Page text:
Reviews

The Throes -

Author: T. Cole Rachel
06/01/2005 | V Magazine | www.vmagazine.com | Feature
It's not often that seeing an indie-rock show causes me to stop and think about the ballet, bur for some reason, while standing in the middle of a crowded, sauna-like rock venue and watching Two Gallants tear into their set, I suddenly start to think about ballerinas. From a respectable distance the two boys on stage make performing their own brand of electrified folk-rock look almost effortless. It's only upon closer inspection that I can actually see the steam that appears to be rising off of them; and it's suddenly as if all the heat in the entire club were being generated by these two skinny little dudes. This is when it dawns on me that great, visceral rock music is a lot like sitting in the front row of the Metropolitan Opera House…from a distance it might seem impossibly graceful and easy, but up close one realizes that it's really all about strain and sweat and muscle.

It's really no surprise then that the two gallant gentlemen who make up Two Gallants – Adam Stephens and Tyson Vogel – have been playing together for years. In fact, the two have known each other since they were 5 years old and have been making music together I capacity since they were 12. (For the record, they have both just recently reached legal drinking age.) "We were always kind of playing around with music stuff," remembers guitarist and lead vocalist Adam Stephens. "It just naturally kind of grew into what it is now." They have an almost psychic rapport with each other, each seeming more content to answer questions on the other's behalf than to actually speak about himself. "Let me just answer for Tyson on this one. He comes from a very musical family," says Stephens. "He obviously doesn't know what he's talking about when he says he has no musical background. His grandmother directed musicals, and his uncle is a famous Hawaiian slide-guitar player. He's got music in his blood."

"Yeah, I guess that's true," drummer and backup singer Tyson Vogel agrees, "and no one in Adam's family plays music."

Stephens and Vogel are natives of San Francisco, a city whose varied musical history and freewheelin' cultural attitudes are very much a part of the Two Gallants' overall aesthetic. Their setup might be simple, but the music they make packs a much bigger wallop than one would expect. For a couple of folkies, the Two Gallants play loud, fast, and hard. The amped-up hybrid of country and punk that they play appears equally informed by blues from the '20s, folk music from the '70s, and Bay Area punk rock from the '80s. "I started listening to the blues and Bob Dylan in high school but I certainly wasn't raised on that kind of music," explains Stephens. "My parents were into Neil Diamond, and the oldest kind of music I remember them playing was probably some sort of show tune…like Oklahoma."

While it's arguably both lazy and a little lame to describe a band's sound in terms of another band's sound, one can't help but see Two Gallants and think of another popular, blues-obsessed two-piece, the White Stripes. But while both bands might wear their love of Americana on their sleeves, Two Gallants have the added benefit of a drummer who can really play the drums and sing great harmonies plus they don't have a need to constantly wear matching outfits. "I really never know how people are gonna react to us," says Vogel. "We do get the White Stripes thing a lot…but I don't really see it."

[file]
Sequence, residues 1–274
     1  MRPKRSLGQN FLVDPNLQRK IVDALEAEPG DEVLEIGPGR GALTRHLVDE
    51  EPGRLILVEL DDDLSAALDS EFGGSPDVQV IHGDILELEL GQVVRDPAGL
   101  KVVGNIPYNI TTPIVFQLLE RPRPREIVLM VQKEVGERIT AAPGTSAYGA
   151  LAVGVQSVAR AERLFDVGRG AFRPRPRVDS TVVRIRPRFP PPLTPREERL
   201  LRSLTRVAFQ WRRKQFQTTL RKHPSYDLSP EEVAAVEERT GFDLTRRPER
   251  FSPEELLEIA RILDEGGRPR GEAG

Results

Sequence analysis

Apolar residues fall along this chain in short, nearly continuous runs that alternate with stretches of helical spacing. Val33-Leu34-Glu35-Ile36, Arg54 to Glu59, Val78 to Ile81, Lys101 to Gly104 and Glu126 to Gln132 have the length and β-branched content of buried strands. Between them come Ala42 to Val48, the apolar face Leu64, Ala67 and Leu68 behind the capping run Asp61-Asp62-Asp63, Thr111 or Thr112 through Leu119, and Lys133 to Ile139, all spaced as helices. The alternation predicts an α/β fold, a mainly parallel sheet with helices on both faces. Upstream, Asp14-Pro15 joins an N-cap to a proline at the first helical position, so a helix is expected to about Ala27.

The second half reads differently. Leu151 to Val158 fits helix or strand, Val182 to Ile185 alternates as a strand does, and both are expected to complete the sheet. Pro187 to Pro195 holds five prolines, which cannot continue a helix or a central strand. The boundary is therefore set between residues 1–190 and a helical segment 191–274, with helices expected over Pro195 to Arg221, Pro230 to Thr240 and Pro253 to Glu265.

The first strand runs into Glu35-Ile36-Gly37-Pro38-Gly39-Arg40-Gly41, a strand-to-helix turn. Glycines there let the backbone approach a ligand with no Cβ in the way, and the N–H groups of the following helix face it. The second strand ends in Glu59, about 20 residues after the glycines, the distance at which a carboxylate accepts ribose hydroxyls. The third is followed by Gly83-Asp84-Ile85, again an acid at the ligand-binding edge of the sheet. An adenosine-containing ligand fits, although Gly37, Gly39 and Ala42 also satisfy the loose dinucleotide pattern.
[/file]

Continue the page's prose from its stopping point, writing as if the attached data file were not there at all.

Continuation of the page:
"We never thought too much about making a record or having traditional 'goals' as a band," explains Stephens. "It has really always been about having fun and making music with as much enthusiasm as we could. Everything else just sort of happened. We're very lucky in a lot of ways."

In a musical climate obsessed with moving units and filling big rooms, it's particularly refreshing to see a band that really puts its money where its mouth is in terms of getting the music out into the world. Stephens and Vogel originally started playing as a two-piece, not only because it was fun, but because it was easy. In true San Francisco style, the two started out by playing free, DIY shows at Mission Delores Park, on street corners in the Mission District, and in train stations around the city. Eventually their outdoor gigs started to draw big crowds, so they took their show on the road. Since 2002 the band has crisscrossed the U.S. multiple times, happily playing as many free shows and house parties as traditional paying gigs at rock venues. "You meet much cooler people playing houses and stuff," Vogel asserts, "and it's much easier to see the music for what it is when you play outside traditional venues." Even though the band has enough of a devoted following to pack sizable venues, they still prefer the immediacy – and somewhat egalitarian nature – of playing for free. "We started out playing on the street," says Vogel, "and there was something special about that. That seems like the way it should be – free and accessible, not hidden away in some hip club where you have to be cool to know about it or be over 21 to see it. The fun of doing it, at least for us, is the direct connection with real people."

As for the future, the band plans on recording a new record at some point in the not-so-distant future, and no doubt they'll spend the majority of 2005 on the road. When I suggest that they seem to be following the underground railroad of indie rock by couch-surfing back and forth across the country, both gallants chuckle. "We really can cross the country without having to stay with anyone we don't actually know or rent a hotel room, which is cool," says Stephens. "But it's even cooler when you pay a good show and complete strangers offer to take you in. It makes you feel like you've done a good job."


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